Onychomycosis: Strategies to Minimize Recurrence

March 2016 | Volume 15 | Issue 3 | Original Article | 279 | Copyright © March 2016

Aditya K. Gupta MD PhD FRCPC,a Boni E. Elewski MD,b Ted Rosen MD,c Bryan Caldwell DPM,dd David M Pariser MD,e Leon H. Kircik MD,f Neal Bhatia MD,g and Antonella Tosti MDh

aUniversity of Toronto, Toronto, Canada
bDepartment of Dermatology, University of Alabama at Birmingham School of Medicine, Birmingham, AL
cDepartment of Dermatology at Baylor College of Medicine, Houston, TX
dCollege of Podiatric Medicine at Kent State University, Independence, OH
eVirginia Clinical Research, Norfolk, VA
fIcahn School of Medicine at Mount Sinai, New York, NY; Indiana University School of Medicine, Indianapolis, IN; Physicians Skin Care, PLLC, Louisville, KY
gTherapeutics Clinical Research, San Diego, CA
hDepartment of Dermatology & Cutaneous Surgery Leonard Miller School of Medicine University of Miami, FL

Recurrence (relapse or re-infection) in onychomycosis is common, occurring in 10% to 53% of patients. However, data on prevalence is limited as few clinical studies follow patients beyond 12 months. It has been suggested that recurrence after continuous terbinafine treatment may be less common than with intermittent or continuous itraconazole therapy, probably due to the fungicidal activity of terbinafine, although these differences tended not to be significant. Relapse rates also increase with time, peaking at month 36. Although a number of factors have been suggested to play a role in recurrence, only the co-existence of diabetes has been shown to have a significant impact. Data with topical therapy is sparse; a small study showed amorolfine prophylaxis may delay recurrence. High concentrations of efinaconazole have been reported in the nail two weeks’ post-treatment suggesting twice monthly prophylaxis with topical treatments may be a realistic option, and may be an important consideration in diabetic patients with onychomycosis. Data suggest that prophylaxis may need to be continued for up to three years for optimal effect. Treating tinea pedis and any immediate family members is also critical. Other preventative strategies include avoiding communal areas where infection can spread (such as swimming pools), and decontaminating footwear.

J Drugs Dermatol. 2016;15(3):279-282.


Despite the number of available treatments, not all patients with onychomycosis are cured and recurrence (relapse or re-infection) is not uncommon, with percentages reported in various clinical studies ranging from 10% to 53%.1 Definition of recurrence is less clear, since differentiating relapse from re-infection remains imprecise. Relapse implies some improvement in the disease, but then a reappearance of the same or similar clinical symptoms following treatment due to incomplete eradication of the initial infection. Re-infection usually occurs some length of time after the initial nail infection is ostensibly cured, either with the same or a different fungal organism. When the same organism is involved, relapse or re-infection has sometimes been differentiated by an arbitrary 1 or 2-year cut-off. It has been suggested that the inability to obtain long-term cure may be a result of genetic susceptibility, strain type switching, emergence of drug-resistant fungal strains, or continual contact with fungal material shed from the patient at the time of active infection.1-4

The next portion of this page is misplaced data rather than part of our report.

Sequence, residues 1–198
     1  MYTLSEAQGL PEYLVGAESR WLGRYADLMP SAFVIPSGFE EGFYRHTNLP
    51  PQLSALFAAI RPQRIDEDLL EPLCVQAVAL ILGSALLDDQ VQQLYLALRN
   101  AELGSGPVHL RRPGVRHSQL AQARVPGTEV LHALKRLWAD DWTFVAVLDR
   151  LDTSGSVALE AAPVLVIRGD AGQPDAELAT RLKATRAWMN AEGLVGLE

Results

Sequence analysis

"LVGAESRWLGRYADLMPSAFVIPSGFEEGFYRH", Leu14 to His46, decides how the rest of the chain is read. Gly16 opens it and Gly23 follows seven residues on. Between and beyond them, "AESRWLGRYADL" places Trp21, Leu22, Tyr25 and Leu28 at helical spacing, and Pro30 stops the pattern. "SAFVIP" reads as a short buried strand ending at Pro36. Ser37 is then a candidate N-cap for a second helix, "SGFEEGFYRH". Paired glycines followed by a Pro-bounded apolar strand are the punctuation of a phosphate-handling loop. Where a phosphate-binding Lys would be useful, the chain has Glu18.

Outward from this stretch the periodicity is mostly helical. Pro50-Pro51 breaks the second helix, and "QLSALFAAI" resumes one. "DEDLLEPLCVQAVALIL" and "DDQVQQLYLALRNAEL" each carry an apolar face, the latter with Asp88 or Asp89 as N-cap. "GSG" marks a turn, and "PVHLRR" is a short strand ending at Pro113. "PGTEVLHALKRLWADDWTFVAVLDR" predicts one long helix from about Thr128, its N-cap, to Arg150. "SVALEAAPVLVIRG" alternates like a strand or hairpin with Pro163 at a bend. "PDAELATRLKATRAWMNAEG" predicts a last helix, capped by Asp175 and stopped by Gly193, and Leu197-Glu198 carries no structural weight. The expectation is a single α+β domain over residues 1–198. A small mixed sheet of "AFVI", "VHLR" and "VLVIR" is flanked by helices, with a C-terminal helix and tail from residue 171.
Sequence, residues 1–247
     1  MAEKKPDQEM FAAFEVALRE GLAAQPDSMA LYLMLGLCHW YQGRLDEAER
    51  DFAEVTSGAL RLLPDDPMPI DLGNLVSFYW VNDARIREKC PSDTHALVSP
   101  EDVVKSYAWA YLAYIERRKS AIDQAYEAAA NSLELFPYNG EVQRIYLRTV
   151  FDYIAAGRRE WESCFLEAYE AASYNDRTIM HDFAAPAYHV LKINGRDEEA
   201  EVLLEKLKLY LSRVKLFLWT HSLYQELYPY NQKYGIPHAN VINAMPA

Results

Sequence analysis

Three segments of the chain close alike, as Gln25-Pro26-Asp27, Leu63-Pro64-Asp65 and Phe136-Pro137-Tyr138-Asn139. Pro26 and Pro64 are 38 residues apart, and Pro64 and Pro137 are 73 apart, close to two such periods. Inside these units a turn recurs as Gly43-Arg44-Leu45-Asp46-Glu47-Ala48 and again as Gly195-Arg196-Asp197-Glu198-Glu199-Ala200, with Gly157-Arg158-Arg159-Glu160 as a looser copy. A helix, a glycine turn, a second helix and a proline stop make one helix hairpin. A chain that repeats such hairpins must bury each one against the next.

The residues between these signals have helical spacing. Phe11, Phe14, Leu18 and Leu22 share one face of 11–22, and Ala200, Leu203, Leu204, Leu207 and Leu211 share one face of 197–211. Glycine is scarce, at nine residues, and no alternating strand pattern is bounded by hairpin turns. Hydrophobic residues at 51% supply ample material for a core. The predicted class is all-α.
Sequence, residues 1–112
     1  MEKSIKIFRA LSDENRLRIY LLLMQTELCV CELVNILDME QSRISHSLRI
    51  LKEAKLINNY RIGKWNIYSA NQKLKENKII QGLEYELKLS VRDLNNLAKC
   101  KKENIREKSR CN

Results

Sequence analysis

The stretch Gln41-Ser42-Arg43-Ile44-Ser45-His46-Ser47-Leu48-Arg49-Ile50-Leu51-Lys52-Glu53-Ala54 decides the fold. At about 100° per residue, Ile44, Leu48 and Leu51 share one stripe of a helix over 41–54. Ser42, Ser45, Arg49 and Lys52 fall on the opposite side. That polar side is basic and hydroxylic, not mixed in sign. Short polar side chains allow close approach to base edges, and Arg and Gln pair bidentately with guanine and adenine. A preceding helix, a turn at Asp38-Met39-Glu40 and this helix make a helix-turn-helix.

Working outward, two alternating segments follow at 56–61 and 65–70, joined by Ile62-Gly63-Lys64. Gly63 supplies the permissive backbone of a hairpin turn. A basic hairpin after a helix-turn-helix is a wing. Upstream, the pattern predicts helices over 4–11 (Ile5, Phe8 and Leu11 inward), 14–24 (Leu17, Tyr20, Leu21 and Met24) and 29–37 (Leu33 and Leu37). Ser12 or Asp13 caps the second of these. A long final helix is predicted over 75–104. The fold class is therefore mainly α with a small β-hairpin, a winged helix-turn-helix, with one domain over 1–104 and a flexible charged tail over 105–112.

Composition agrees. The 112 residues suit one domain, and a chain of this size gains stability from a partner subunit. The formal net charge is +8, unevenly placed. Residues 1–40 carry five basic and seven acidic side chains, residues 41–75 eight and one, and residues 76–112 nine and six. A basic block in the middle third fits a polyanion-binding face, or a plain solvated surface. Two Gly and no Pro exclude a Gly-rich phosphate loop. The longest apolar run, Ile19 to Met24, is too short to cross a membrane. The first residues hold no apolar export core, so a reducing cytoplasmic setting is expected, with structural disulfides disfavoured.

Recurrence With Systemic Therapy

Data on recurrence rates are limited, primarily because most clinical studies have concentrated on 9 to 12 months’ outcome. Few studies have followed the clinical course of patients beyond 12 months.5,6 A meta-analysis of five trials found that relapses were more common after treatment with itraconazole (intermittent or continuous) compared to terbinafine (continuous) after long-term follow-up (more than two years after the end of therapy).7 The long-term benefits of terbinafine are probably related to its fungicidal action, compared with the fungistatic action of itraconazole.6 However, only 251 patients were included in the meta-analysis,8-12 and the studies were not comparable in terms of outcome with only one assessing complete cure.12 In one study, nail lacquer was applied to some patients as a prophylactic measure with no significant impact on relapse.12
A prospective, long-term study (1.25 to 7 years’ post-enrolment) in 166 mycologically and 43 completely cured onychomycosis patients compared recurrence rates following treatment with intermittent itraconazole, pulsed itraconazole, continuous terbinafine, and combination terbinafine/itraconazole. Although itraconazole was associated with higher recurrence rates, no statistically significant differences were detected.13